Let’s get started with the biggest change and that’s going to be the story. I will try to minimize how much I talk about the actual story, for spoilers’ sake but there are significant changes here. To start with, the story isn’t told the same way. In Doom 2016, you are the Doom Slayer, and from the first moment until the end of the game, you stay in the first person as the Slayer.
We will directly compare this to Doom Eternal, and there is a major change here. While you stay in the first-person mode for the entire gameplay of Doom Eternal, many cutscenes are done in the third-person and that is significant. You can even feel it in the scenes I’m already showing.
The choice of the first-person camera versus a third-person camera is an important choice in both gameplay and narrative design. In the first-person view, everything is happening to the player, and the main character is reacting as an avatar for you.
First-person storytelling is extremely challenging in cutscenes, but Doom actually did a great job at giving the main player a feeling that he was the slayer. It all starts with this early scene of bladdity bladdity blah exposition. When replaying this game for this video I was already getting a little bored and, sure enough, the Doom Slayer grabs that screen, shoves it aside and gets the player back to the action. That was an interesting but effective moment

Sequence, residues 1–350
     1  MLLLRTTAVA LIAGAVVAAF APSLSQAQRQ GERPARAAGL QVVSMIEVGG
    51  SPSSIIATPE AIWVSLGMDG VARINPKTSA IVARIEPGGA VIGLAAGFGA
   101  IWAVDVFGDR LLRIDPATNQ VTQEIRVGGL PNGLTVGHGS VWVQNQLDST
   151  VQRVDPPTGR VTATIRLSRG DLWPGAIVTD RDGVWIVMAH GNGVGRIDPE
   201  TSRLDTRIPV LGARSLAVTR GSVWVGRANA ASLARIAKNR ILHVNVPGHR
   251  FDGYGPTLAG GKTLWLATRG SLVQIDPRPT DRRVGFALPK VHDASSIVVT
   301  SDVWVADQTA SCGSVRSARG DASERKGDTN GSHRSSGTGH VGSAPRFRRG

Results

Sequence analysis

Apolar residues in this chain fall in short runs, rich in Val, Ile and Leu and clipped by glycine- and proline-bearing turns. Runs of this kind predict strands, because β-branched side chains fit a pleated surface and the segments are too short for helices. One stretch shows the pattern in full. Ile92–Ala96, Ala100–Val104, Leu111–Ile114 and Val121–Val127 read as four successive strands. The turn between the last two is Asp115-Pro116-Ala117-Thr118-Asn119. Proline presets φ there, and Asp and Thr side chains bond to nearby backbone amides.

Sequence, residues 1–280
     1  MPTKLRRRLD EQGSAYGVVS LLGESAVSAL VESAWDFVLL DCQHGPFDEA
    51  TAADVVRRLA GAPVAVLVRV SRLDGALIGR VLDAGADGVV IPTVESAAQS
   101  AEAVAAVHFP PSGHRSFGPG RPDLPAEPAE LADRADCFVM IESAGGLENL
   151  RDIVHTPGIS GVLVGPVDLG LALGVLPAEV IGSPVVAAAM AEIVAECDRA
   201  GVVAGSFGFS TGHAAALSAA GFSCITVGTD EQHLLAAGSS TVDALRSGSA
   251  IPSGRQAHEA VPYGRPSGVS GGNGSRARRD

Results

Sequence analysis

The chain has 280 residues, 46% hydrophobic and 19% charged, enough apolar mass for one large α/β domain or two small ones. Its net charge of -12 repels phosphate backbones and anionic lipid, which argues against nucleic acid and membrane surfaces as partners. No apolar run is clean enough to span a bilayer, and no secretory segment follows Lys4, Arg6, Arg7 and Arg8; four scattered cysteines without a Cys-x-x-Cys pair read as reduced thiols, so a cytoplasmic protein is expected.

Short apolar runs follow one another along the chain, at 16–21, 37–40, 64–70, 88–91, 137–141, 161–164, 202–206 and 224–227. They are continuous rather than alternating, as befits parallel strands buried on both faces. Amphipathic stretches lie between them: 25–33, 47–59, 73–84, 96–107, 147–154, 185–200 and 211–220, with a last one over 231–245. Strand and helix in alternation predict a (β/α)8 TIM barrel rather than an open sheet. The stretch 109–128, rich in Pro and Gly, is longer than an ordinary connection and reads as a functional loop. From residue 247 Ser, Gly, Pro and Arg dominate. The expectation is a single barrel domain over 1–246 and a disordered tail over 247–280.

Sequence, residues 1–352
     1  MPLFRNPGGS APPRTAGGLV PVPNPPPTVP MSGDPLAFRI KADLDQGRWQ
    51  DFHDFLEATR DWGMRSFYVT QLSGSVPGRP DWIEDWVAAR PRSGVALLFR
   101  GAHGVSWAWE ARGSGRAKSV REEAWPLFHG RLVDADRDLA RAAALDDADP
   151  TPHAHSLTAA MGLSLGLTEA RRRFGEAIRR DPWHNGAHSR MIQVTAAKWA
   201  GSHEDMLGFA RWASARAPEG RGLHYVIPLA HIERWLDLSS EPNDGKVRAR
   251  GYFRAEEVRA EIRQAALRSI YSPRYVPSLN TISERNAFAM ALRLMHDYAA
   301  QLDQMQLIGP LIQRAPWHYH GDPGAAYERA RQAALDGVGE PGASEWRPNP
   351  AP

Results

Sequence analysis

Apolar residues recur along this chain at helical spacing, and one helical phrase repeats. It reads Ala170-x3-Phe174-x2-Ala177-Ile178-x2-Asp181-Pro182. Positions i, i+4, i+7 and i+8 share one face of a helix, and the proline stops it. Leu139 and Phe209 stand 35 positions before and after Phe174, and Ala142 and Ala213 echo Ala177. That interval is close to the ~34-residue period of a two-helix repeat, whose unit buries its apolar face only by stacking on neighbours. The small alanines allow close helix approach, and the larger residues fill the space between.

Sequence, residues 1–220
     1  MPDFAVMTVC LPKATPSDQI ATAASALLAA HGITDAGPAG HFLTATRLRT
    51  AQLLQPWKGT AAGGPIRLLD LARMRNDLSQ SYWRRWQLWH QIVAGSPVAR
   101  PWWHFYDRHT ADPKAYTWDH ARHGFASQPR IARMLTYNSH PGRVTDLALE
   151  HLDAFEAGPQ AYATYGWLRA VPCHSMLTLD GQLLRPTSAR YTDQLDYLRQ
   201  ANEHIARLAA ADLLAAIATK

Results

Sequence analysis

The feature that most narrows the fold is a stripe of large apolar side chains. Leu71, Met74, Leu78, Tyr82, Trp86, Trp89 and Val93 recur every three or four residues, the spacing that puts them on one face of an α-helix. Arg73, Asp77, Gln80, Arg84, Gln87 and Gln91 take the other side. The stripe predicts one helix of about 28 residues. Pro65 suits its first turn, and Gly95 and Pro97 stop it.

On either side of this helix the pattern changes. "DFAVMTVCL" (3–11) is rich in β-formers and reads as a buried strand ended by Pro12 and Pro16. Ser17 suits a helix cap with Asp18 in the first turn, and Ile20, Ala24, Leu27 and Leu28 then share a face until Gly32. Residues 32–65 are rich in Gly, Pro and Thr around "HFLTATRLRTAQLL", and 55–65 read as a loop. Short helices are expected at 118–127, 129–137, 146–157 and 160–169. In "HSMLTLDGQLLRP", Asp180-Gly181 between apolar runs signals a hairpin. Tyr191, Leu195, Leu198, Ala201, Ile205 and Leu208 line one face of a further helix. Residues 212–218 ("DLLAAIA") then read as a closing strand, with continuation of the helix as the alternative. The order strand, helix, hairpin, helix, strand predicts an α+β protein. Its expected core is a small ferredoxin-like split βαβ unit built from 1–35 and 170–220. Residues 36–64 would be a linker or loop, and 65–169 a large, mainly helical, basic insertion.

That one moment starts to cement the idea that this unstoppable force of nature you are viewing the world through is the player. Players don’t want exposition and you’re playing Doom for the visceral thrills, not the story. id Software understood that and multiple times, the character responds as players might. Such as when he has to carefully take out the energy system for the argent tower… or smash it. This is again simple but also effective and once again players will understand the Slayer’s mentality. There’s even an anti-corporation message here that works a lot better than almost anything in Outer Worlds did.